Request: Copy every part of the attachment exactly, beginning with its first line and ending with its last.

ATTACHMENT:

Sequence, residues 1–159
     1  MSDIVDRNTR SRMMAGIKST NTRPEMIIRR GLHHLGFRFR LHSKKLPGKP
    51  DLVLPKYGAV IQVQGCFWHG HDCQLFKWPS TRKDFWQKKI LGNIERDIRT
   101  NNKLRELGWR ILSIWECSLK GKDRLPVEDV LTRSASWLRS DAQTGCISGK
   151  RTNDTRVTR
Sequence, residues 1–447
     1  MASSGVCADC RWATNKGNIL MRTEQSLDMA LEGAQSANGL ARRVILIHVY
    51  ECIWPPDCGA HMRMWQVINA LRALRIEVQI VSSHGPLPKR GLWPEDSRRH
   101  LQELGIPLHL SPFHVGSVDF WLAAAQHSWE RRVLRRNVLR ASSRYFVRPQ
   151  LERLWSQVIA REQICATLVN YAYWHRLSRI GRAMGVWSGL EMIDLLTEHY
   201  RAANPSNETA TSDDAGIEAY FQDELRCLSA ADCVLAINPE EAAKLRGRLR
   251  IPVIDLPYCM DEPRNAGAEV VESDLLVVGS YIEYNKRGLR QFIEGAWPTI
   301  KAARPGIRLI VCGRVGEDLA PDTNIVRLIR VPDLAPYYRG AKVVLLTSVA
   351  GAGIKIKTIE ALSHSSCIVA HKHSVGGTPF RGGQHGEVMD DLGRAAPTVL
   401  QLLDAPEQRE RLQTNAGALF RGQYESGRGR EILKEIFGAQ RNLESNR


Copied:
Sequence, residues 1–159
     1  MSDIVDRNTR SRMMAGIKST NTRPEMIIRR GLHHLGFRFR LHSKKLPGKP
    51  DLVLPKYGAV IQVQGCFWHG HDCQLFKWPS TRKDFWQKKI LGNIERDIRT
   101  NNKLRELGWR ILSIWECSLK GKDRLPVEDV LTRSASWLRS DAQTGCISGK
   151  RTNDTRVTR
Sequence, residues 1–447
     1  MASSGVCADC RWATNKGNIL MRTEQSLDMA LEGAQSANGL ARRVILIHVY
    51  ECIWPPDCGA HMRMWQVINA LRALRIEVQI VSSHGPLPKR GLWPEDSRRH
   101  LQELGIPLHL SPFHVGSVDF WLAAAQHSWE RRVLRRNVLR ASSRYFVRPQ
   151  LERLWSQVIA REQICATLVN YAYWHRLSRI GRAMGVWSGL EMIDLLTEHY
   201  RAANPSNETA TSDDAGIEAY FQDELRCLSA ADCVLAINPE EAAKLRGRLR
   251  IPVIDLPYCM DEPRNAGAEV VESDLLVVGS YIEYNKRGLR QFIEGAWPTI
   301  KAARPGIRLI VCGRVGEDLA PDTNIVRLIR VPDLAPYYRG AKVVLLTSVA
   351  GAGIKIKTIE ALSHSSCIVA HKHSVGGTPF RGGQHGEVMD DLGRAAPTVL
   401  QLLDAPEQRE RLQTNAGALF RGQYESGRGR EILKEIFGAQ RNLESNR